The Grapes of Wrath
The Fundamental Features of Human Unity: An Analysis of the Meaning of Family in The Grapes of Wrath 11th Grade
A family functions like a grapevine; its coarse green vines intertwine from the dusty dirt that conceals the intricate network of roots to the first cluster of sweet grapes that grow in the hot California sun. Similar to the growth pattern of a grapevine, the assemblage of a family gathers in clusters. Though some grapes may separate or drop off or lose their ripeness, each individual grape is a product of the plant that cannot be taken away. Family is synonymous. As many miles or as much as one pursues to separate himself from his heritage, he cannot; for the blood of a human connects with those around him. People in this world are united. The clusters of grapes grow close together, and the grapevine itself extends and connects with other various grapevines. In The Grapes of Wrath written by John Steinbeck, the theme of family plays a central and fundamental role in the novel.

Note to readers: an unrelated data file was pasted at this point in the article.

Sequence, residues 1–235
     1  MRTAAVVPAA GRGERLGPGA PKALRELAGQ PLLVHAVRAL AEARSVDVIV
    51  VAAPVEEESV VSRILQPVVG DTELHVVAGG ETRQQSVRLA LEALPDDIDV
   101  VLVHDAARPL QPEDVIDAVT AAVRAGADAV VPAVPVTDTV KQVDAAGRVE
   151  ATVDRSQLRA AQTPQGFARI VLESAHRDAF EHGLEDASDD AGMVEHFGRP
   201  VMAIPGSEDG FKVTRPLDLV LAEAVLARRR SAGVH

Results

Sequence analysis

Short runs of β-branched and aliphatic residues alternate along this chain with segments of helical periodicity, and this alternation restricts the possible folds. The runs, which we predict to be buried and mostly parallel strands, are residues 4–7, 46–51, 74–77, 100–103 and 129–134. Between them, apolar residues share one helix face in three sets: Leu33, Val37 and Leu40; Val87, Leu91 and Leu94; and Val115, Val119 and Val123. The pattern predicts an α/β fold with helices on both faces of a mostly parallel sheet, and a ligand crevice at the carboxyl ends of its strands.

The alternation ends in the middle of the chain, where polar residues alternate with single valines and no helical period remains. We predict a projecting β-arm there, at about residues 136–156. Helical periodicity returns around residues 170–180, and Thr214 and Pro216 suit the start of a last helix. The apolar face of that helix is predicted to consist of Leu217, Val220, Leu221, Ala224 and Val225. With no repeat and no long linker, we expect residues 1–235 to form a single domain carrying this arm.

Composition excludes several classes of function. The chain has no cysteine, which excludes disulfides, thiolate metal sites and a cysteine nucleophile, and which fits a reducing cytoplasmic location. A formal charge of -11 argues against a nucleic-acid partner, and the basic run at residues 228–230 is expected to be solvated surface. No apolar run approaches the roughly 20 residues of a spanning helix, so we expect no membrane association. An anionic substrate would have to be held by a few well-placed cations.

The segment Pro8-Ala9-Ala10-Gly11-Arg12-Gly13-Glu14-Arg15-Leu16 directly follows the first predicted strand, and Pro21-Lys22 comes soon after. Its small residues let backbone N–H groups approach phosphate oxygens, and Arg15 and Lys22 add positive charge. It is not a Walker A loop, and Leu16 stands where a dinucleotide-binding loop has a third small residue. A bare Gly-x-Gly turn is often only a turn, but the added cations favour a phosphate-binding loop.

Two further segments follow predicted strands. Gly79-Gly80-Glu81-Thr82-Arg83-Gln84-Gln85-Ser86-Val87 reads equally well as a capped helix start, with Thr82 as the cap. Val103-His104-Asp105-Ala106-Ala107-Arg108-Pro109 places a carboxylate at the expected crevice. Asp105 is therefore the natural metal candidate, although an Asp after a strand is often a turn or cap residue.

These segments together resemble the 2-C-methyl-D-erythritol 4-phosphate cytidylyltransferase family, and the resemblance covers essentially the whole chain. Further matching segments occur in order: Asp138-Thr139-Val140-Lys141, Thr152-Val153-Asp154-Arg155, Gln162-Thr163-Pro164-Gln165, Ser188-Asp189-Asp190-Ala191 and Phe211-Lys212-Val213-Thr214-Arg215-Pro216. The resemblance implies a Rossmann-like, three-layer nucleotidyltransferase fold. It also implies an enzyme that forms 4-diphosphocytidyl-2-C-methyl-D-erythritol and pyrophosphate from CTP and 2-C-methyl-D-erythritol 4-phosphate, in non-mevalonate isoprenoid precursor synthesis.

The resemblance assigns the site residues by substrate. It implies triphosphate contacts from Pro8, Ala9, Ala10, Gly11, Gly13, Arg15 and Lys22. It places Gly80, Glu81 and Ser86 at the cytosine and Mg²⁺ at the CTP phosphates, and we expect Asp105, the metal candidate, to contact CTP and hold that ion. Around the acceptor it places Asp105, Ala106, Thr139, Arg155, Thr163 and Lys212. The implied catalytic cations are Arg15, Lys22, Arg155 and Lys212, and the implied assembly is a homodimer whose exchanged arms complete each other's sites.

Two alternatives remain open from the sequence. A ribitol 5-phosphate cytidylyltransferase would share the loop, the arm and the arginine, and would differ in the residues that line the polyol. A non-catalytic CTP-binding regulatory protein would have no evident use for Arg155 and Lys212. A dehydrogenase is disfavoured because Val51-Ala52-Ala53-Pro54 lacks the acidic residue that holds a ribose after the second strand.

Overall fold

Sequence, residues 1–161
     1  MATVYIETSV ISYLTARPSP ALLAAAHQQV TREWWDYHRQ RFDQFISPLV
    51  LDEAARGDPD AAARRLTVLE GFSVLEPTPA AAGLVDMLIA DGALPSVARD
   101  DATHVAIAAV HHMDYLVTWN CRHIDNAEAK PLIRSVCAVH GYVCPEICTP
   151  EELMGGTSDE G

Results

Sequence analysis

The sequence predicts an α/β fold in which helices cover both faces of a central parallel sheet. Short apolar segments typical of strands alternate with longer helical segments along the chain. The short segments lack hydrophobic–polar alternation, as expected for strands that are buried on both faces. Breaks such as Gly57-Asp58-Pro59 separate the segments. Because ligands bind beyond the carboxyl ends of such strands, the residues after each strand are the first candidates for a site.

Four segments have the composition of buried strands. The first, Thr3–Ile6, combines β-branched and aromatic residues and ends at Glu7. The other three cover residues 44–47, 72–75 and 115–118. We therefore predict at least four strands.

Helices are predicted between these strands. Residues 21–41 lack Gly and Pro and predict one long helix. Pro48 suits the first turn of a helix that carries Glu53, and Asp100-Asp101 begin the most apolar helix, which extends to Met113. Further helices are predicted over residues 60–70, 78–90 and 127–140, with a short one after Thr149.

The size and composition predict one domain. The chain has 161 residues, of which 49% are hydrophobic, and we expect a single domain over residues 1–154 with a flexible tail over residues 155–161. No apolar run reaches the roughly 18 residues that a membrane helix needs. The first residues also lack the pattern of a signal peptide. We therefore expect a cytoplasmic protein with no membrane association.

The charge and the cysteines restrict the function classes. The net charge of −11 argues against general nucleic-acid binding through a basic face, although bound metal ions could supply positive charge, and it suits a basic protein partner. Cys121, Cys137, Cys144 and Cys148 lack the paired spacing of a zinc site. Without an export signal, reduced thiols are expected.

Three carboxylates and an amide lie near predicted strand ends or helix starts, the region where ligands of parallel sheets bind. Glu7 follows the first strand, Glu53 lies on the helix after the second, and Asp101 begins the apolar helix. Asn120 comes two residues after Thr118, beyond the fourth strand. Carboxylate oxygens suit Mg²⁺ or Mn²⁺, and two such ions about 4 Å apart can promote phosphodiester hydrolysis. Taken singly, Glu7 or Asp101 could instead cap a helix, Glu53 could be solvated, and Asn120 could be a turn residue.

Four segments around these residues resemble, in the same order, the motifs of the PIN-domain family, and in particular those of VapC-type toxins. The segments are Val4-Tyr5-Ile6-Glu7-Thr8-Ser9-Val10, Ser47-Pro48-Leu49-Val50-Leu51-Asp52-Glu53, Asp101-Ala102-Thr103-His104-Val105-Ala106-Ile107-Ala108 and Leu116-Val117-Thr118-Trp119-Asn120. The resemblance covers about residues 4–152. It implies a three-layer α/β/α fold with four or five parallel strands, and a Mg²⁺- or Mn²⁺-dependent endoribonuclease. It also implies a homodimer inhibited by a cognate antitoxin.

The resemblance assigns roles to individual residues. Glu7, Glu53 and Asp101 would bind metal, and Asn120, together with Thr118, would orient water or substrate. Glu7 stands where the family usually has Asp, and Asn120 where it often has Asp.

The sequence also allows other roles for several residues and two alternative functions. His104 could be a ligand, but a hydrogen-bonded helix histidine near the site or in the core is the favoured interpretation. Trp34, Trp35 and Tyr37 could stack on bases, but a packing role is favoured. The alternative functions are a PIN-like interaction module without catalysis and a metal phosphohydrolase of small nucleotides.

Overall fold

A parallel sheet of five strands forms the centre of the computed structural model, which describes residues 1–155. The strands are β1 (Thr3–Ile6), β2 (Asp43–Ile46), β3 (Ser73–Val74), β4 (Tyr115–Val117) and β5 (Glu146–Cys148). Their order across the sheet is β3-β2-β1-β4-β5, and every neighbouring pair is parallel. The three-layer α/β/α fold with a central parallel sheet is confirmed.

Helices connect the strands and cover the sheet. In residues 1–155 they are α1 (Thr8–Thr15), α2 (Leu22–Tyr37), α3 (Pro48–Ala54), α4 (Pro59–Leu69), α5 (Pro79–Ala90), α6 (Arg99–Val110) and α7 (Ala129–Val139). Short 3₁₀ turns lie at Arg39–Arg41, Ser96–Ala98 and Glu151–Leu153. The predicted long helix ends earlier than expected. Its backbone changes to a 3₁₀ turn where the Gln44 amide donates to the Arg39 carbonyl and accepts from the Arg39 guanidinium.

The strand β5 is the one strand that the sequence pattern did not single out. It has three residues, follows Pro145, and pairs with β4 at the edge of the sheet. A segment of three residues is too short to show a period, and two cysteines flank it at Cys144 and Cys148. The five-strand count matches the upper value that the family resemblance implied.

At the beginning of the narrative, the Joad family has a traditional patriarchal family structure in which the males lead as the dominant heads of the home; however, this time-honored system will not last on the pilgrimage to California. This adjustment shows that a male-dominated structure is not necessarily crucial in a family setting. The Joads’...
Join Now to View Premium Content
GradeSaver provides access to 804 study guide PDFs and quizzes, 5905 literature essays, 1673 sample college application essays, 229 lesson plans, and ad-free surfing in this premium content, “Members Only” section of the site! Membership includes a 10% discount on all editing orders.
Already a member? Log in